Still, I would love to understand what's going on – KooKiz Aug 27 '12 at 12:37

This question started the discussion on this point, and some testing was done to determine why. So, after some debugging inside cmd.exe ... (this is for a 32 bit Windows XP cmd.exe but as the behaviour is consistent on newer system versions, probably the same or similar code is used)

Inside Jeb's answer is stated

It's a problem with the quotes and %~0.
cmd.exe handles %~0 in a special way

and here Jeb is correct.

Inside the current context of the running batch file there is a reference to the current batch file, a "variable" containing the full path and file name of the running batch file.

When a variable is accessed, its value is retrieved from a list of available variables but if the variable requested is %0, and some modifier has been requested (~ is used) then the data in the running batch reference "variable" is used.

But the usage of ~ has another effect in the variables. If the value is quoted, quotes are removed. And here there is a bug in the code. It is coded something like (here simplified assembler to pseudocode)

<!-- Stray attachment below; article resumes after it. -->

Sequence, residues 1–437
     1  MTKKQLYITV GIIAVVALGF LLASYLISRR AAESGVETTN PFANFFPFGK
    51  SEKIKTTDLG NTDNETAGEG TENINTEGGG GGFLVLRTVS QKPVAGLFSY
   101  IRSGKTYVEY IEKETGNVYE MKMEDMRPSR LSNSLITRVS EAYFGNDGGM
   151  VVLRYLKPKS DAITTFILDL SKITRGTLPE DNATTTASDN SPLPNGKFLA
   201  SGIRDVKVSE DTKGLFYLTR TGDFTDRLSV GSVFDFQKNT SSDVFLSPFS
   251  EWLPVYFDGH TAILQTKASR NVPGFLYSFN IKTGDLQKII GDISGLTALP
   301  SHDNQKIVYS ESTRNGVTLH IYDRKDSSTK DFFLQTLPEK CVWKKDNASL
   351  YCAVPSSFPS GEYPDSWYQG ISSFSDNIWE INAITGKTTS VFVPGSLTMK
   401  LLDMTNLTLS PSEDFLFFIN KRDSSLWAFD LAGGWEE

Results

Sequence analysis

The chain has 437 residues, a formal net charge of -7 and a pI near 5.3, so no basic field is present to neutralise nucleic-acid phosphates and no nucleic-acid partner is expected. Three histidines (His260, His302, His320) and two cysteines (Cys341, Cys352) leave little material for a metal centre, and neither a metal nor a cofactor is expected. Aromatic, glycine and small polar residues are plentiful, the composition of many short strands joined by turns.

value = varList[varName]
if (value && value[0] == quote ){
    value = unquote(value)
} else if (varName == '0') {
    value = batchFullName
}

And yes, this means that when the batch file is quoted, the first part of the if is executed and the full reference to the batch file is not used, instead the value retrieved is the string used to reference the batch file when calling it.

What happens then? If when the batch file was called the full path was used, then there will be no problem. But if the full path is not used in the call, any element in the path not present in the batch call needs to be retrieved. This retrieval assumes relative paths.

A simple batch file (test.cmd)

@echo off
echo %~f0

When called using test (no extension, no quotes), we obtain c:\somewhere\test.cmd

When called using "test" (no extension, quotes), we obtain c:\somewhere\test